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Dear Mr. Lackluster,

Fuck you. I would have ended the letter there but that would indicate I’m a lady with few words. Perhaps I’m a lady with few wholesome ones but I can assure you that I am never short of vile ones. The thought of you squirming while reading fuck you brought a tiny splash of delight to my day.  I would have left you with those two fine words -words I cherish, words you despise but then that would give you a reason to reply and frankly I could give a shit for lack of a better word. You’d prefer “care less” but I could give a shit about your haughty uptight appreciation for clean words or your mundane use of them. And while you take a gander in your safe cluster of words I will go ahead and pick pocket any insidious, undesirably yummy word I can think of just to ignite the ball of fury within what you consider a skeleton with vital organs- one being a heart. Do you have one? How do you feel? I prefer soulless, blah blah boring empty carcass. It has a better ring to it. You may not think so. You’re dead inside and so are your words. They don’t have passion or an appetite. They’re not voluptuous or sensual, nor do they drive one to sink their teeth in them. They’re not filled with lust. They’re not thirsty. They haven’t got balls or an urge. They don’t chase you until you’re out of breath. They don’t ache, desire, or tempt. They don’t penetrate the mind with emotion. They haven’t got vitality nor do they bounce about with pizazz.  In fact, your words shrivel up the moment they leave your mouth because they lack life. I suppose the only way to save your words from dying is to pop your bubble wrap containing them. I will free them. I will expose them to a tongue, which isn’t afraid to lather itself in shock and disdain- a tongue which pleasures itself in getting dirty.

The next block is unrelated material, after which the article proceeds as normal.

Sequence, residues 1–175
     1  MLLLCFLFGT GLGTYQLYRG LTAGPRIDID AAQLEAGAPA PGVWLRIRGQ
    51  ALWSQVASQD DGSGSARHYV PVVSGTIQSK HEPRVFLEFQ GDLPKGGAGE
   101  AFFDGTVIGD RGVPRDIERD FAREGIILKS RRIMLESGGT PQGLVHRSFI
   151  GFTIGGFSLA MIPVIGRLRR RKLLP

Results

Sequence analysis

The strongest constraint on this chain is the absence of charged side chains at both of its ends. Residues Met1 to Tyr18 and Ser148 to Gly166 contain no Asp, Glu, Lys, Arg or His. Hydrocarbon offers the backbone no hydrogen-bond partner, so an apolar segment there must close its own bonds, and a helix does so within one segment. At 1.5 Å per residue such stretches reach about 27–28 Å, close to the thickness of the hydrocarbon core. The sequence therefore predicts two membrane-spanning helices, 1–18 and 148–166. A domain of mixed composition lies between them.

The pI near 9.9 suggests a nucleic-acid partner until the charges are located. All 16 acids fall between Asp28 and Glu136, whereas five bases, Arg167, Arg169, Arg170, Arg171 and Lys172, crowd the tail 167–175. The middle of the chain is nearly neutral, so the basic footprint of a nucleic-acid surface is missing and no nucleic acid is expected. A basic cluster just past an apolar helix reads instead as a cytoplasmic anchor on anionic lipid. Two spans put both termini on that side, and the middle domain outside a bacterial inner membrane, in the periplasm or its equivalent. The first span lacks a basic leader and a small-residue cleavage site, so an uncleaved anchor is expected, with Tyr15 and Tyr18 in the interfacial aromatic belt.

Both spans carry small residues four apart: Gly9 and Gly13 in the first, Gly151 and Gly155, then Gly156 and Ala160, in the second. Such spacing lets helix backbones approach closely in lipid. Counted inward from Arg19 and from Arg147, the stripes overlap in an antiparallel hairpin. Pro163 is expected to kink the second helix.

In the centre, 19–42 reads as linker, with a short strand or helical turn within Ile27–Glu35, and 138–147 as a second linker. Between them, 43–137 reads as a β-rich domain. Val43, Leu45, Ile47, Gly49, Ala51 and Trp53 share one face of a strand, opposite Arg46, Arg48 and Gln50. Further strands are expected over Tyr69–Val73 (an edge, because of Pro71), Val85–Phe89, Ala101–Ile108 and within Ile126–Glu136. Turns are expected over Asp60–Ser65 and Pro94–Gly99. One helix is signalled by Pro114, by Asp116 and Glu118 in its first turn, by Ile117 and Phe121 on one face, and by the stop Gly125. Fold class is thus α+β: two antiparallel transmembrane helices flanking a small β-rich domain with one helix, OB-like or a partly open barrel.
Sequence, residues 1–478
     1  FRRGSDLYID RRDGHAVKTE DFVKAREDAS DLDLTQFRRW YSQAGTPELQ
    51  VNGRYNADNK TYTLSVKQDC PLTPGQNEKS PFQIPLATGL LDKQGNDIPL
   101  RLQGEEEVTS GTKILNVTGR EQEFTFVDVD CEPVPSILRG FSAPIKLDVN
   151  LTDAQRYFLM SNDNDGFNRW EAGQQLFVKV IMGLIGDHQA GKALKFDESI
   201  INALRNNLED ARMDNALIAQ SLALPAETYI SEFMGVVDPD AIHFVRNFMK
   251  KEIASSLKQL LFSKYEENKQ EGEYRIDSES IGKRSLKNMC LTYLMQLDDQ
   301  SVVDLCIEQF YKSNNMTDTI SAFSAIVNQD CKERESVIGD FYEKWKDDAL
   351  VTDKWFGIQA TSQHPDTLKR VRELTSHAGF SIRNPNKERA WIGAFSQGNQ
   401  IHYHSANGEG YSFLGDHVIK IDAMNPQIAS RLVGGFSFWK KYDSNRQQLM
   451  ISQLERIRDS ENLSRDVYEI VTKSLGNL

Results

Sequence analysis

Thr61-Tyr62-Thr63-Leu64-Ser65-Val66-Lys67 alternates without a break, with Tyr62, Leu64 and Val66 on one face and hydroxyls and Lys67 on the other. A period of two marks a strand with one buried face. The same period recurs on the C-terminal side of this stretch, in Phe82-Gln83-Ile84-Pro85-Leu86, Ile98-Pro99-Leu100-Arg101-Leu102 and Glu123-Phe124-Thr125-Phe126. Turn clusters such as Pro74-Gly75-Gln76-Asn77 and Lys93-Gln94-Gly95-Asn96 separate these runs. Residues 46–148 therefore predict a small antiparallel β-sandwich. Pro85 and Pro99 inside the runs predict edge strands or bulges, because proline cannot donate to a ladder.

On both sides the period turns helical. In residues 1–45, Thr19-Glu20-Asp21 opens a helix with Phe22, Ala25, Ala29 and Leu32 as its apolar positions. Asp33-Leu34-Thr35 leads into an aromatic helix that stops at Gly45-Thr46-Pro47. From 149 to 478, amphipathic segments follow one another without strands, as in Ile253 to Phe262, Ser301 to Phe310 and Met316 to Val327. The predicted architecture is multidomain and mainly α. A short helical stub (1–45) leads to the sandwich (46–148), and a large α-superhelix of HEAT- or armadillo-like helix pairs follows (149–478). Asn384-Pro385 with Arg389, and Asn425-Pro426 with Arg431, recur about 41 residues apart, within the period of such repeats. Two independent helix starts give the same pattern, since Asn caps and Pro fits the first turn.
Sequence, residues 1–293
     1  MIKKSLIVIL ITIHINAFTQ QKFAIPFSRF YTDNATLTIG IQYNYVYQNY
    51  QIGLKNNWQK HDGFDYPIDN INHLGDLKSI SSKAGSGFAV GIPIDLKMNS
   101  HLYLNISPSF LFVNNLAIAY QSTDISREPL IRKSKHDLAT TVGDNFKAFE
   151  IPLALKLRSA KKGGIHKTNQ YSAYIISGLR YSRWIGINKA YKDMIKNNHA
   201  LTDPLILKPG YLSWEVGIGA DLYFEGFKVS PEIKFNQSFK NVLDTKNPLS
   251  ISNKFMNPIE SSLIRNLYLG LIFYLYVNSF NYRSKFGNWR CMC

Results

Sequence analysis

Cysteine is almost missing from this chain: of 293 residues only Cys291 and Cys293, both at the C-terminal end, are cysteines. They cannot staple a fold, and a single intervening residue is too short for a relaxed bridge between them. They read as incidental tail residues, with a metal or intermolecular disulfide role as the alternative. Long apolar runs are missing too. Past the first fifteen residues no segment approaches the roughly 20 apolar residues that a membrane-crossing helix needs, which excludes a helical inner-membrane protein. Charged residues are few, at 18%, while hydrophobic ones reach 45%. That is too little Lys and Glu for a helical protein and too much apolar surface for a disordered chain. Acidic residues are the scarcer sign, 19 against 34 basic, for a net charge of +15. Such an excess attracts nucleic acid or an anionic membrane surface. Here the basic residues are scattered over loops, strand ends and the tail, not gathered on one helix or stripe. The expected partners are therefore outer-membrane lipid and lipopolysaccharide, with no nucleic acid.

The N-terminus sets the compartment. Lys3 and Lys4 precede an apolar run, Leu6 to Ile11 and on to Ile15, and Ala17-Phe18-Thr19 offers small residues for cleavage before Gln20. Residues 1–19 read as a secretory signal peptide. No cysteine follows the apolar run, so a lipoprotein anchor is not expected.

Sincerely,

The girl who plays with fire

 

-m.T

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A Letter to Mama

Dear Mama,